This features what media relations director Dan Crawford describes as the think tank’s signature piece of research: their productivity versus compensation chart. It’s a fairly complex concept that the site manages to explain through the use of a teacher character, translating increased productivity to “you make more stuff,” and translating the disparate compensation as “they make more money.” The teacher then, through the use of a simple assembly line metaphor, helps teach not only what happened to the wages, but also that it is reversible. The simple language, the friendly teacher and the visuals were all contributions of Periscopic during these back and forths.

This section also segues into the site’s main message and call to action: this narrative can change. “It’s one of our core stories, if not our single core story, as a think tank: it’s just the idea that things haven’t always been this way. There’s a functional and logical way for the economy to produce benefits for all of its participants, and a lot of people don’t know that that used to exist,” said Shansby. “One of the main things we were trying to communicate with this site is that policy is not like the weather, it’s not out of our control, it’s something that results from conscious decisions and people working towards specific, intentional goals.”

Evaluating Success: Retaining a general audience

Crawford said that EPI wanted to produce something a little more interactive, fun and accessible than your typical policy paper. Periscopic’s involvement, in large part, facilitated this. The talented designers— through a combination of existing and home brewed javascript libraries, HTML and CSS— developed a fictional narrative that helped bring the user through multiples pieces of complicated research and analyses, until they are finally presented with five concrete policies that EPI believes will help reduce inequality, and each has a “Help Fix This” link.

The project’s starting goal was to bring inequality to the forefront of the political discussion, according to Crawford. He also believes that the project was largely successful in that sense. While he made sure to clarify that EPI in no way claims credit for the country’s shift in attention— he was quick to credit economist Robert Reiche, who is also featured on, and the Occupy Wall Street movement as huge influences— he points to speeches given by the Presidential, Republican congressmen and Republican presidential candidates, and how they are publicly addressing the inequality gap as something that can be prevented and reversed, and this discussion was not present over the past few decades.

Crawford also noted that contributed to growing the Facebook fanbase “a great deal.” As a think tank, EPI had not previously considered how to increase their followers on Facebook, but they advertised the site heavily. He also added that, even though the project is largely completed, EPI’s engagement on Facebook continues to increase, and the audience continues to grow. Their page currently has 66,026 likes. For comparison, The Century Foundation has 2,572, the Center for Economic and Policy Research has 41,097, the Center for American Progress has 57,960, and The Brookings Institution has 147,649 likes. Additionally, Facebook now drives a lot of traffic to EPI’s website: traffic that is predominantly a general audience and not press. “If your goal is to get people reading your stuff, you definitely want to be on Facebook,” said Crawford.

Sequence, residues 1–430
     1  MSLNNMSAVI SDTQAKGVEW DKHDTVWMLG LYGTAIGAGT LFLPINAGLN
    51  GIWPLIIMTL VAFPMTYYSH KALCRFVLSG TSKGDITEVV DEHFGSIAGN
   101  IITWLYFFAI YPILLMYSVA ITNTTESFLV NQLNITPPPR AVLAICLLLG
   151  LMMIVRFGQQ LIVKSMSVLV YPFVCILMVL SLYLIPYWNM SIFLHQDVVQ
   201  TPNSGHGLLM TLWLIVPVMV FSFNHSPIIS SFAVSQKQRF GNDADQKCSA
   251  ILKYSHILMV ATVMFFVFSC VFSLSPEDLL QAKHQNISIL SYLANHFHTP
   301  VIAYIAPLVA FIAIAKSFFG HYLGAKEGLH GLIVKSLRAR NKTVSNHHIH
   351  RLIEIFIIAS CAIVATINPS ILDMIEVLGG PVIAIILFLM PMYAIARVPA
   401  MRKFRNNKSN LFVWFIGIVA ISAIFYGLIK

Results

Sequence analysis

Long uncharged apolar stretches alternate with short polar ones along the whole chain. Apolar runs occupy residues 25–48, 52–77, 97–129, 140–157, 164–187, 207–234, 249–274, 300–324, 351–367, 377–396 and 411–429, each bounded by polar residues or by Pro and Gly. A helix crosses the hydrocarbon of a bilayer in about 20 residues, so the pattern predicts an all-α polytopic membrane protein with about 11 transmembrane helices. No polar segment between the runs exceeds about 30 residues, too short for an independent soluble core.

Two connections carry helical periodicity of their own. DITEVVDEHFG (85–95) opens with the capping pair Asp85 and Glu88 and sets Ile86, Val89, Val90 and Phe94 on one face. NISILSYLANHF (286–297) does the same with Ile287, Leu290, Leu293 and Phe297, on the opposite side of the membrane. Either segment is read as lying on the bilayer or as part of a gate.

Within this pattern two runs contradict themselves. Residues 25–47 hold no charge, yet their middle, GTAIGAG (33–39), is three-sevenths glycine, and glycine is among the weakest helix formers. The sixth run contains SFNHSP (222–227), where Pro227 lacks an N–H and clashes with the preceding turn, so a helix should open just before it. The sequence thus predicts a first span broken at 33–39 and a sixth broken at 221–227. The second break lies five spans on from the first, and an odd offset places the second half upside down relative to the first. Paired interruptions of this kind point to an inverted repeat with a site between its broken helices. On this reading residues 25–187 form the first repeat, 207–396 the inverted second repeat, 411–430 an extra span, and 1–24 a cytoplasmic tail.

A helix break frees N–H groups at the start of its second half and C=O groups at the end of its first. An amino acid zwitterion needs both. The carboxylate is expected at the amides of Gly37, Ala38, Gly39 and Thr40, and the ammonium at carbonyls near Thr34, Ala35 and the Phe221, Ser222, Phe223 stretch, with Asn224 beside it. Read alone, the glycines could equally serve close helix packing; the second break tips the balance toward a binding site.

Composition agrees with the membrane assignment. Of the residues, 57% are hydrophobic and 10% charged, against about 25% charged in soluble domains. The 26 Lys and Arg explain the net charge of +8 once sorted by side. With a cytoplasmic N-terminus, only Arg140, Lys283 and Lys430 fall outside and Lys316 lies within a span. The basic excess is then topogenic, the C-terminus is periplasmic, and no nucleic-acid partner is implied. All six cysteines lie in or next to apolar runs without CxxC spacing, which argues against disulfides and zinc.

Another significant metric of is a surprisingly low bounce rate— the percentage of visitors who leave the site and don’t come back, as opposed to continuing onto other pages on the site. The average user also spent more than 60 seconds on the page, which is extremely high. Consider that, in October 2014, CEO of Chartbeat Tony Haile gave his talk “A Data State of the Union,” in which he argued against archaic web metrics like clickthroughs and for more nuanced ones like engagement time. A key piece of data he highlighted was that 55% of clicks result in the user spending fewer than 15 seconds on the website.

While inequality is still present, the project was an influential piece of web journalism and advocacy. On EPI’s first attempt to engage the general audience, they not only found them but also maintained their attention. Their online presence is greater than nearly any other niche economic policy organization, only surpassed by those that are more broad and better funded. One of the site’s greatest achievements is retaining relevance two years after launch, and there is the added benefit that it’s still one of the most functional and best looking interactive journalism experiences on the Web.